This was a man who had his priorities in order and lived a good life. He went to school, earned a medical degree, served in the military, got married, raised four children (five if you count the grand-daughter he helped raise), gave back to the community and generally led the best life he could. He was somewhat of a pioneer, which makes him a controversy. But he is in good company with others such as: Amelia Earhart, General Dodge, Daniel Boone, Dr. Michael DeBakey and James Marshall. Today, criminal profiling has become commonplace and universities teach criminology courses where his work is mentioned in many textbooks as good examples of “how to.”
    Dr. Grigson was simply a pioneer. Hats off to him.

  12. EKJ

    I have to wonder why there are so many negative articles about him now that he is dead? Why weren’t there any when he was alive? I have found positive articles on him writen during his lifetime, including literally THOUSANDS of references to his name in newspapers and magazines, plus many in textbooks. A supreme court law was enacted in part, because of this man, and the laws during his lifetime! He had a positive impact on our legal system. To prove it, he had 150 prominent people show up for the retirement party thrown in his honor, including politicians! Where are those prominent people now that he is gone and being bashed in the media? I guess that’s what you get when you have politicians for friends, huh? He deserved better.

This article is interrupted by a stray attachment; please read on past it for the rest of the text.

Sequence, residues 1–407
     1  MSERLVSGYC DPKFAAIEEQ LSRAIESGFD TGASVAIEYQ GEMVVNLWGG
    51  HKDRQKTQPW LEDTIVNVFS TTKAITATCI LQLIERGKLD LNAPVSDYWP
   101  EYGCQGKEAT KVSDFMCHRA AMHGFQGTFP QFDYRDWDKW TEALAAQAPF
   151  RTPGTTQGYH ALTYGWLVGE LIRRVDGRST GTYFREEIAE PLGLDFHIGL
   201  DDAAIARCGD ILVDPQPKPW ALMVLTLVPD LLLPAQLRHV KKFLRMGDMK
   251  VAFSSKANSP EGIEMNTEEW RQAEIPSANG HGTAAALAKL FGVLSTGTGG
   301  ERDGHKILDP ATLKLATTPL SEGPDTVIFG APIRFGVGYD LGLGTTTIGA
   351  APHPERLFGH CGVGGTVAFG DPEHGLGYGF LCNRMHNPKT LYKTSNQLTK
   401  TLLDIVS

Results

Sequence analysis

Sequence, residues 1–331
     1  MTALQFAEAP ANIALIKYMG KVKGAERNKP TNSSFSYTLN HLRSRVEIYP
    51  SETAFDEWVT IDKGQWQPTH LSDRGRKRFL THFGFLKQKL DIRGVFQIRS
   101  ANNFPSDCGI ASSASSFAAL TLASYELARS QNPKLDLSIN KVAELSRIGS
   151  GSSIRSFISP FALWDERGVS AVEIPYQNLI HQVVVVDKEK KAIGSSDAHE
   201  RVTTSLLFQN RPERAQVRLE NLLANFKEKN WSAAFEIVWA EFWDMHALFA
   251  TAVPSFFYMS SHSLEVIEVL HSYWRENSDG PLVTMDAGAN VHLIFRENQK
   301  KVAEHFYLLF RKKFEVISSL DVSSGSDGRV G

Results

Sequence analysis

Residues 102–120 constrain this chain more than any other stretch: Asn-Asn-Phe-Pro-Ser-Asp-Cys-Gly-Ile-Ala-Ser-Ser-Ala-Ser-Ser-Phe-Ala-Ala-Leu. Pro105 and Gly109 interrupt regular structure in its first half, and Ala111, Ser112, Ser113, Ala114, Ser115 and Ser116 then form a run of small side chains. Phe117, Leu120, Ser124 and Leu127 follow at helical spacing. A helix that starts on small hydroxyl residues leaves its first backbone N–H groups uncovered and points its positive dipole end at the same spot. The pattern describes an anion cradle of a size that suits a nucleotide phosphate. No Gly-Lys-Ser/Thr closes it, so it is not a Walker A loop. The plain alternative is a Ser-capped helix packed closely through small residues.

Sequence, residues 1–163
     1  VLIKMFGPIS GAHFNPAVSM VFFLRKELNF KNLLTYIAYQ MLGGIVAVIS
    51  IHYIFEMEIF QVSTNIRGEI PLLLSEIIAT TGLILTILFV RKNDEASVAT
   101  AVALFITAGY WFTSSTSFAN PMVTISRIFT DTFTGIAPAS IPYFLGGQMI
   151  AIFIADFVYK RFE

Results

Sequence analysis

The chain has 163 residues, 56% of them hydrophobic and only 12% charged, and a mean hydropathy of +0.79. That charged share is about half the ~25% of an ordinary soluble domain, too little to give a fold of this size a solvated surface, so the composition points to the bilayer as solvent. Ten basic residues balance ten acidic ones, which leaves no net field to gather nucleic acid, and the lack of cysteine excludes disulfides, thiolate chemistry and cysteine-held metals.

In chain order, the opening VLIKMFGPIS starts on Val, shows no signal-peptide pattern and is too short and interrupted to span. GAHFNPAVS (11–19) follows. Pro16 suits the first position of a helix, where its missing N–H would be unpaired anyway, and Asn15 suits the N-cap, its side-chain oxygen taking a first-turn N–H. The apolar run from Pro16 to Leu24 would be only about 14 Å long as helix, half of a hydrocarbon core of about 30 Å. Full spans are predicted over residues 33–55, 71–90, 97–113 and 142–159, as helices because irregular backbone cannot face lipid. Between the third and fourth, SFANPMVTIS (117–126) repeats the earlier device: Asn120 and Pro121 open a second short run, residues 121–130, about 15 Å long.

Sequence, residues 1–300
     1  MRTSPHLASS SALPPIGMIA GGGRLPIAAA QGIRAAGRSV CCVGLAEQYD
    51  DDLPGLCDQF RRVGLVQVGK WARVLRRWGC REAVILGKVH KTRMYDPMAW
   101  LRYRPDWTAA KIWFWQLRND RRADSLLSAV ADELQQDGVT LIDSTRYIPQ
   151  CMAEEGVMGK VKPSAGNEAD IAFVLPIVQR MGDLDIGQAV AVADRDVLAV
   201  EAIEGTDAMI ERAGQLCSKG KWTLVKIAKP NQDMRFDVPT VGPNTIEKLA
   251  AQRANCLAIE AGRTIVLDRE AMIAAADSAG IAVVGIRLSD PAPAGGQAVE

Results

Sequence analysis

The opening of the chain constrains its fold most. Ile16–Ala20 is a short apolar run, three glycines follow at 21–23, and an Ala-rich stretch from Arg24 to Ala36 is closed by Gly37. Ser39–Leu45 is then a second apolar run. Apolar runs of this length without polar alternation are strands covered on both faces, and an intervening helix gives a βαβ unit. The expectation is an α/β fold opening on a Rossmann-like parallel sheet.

13. Psych

    As a psychology major, one of the first things you learn is that it’s impossible to predict with 100% certainty; a feat this man claimed to be capable of doing. It’s simple, psychology involves looking at the way a person acts, not predicting how they will.

  14. Tiffany

    How is he any different than the doctors who diagnose famous people on talk shows when they havne’t ever met the star? Just turn on the televevision and you will hear experts talking about Britney Spears psychological and drug problems or Paris Hilton’s problems. They give a diagnosis and treatment plan recommendations without ever meeting the stars. What’s the difference? Dr. Grigson was a pioneer for what is now commonplace. Tens of thousands of cases he was involved with and idiots pick out one or two that are possibly exceptions to the rule? It’s laughable! He was genious!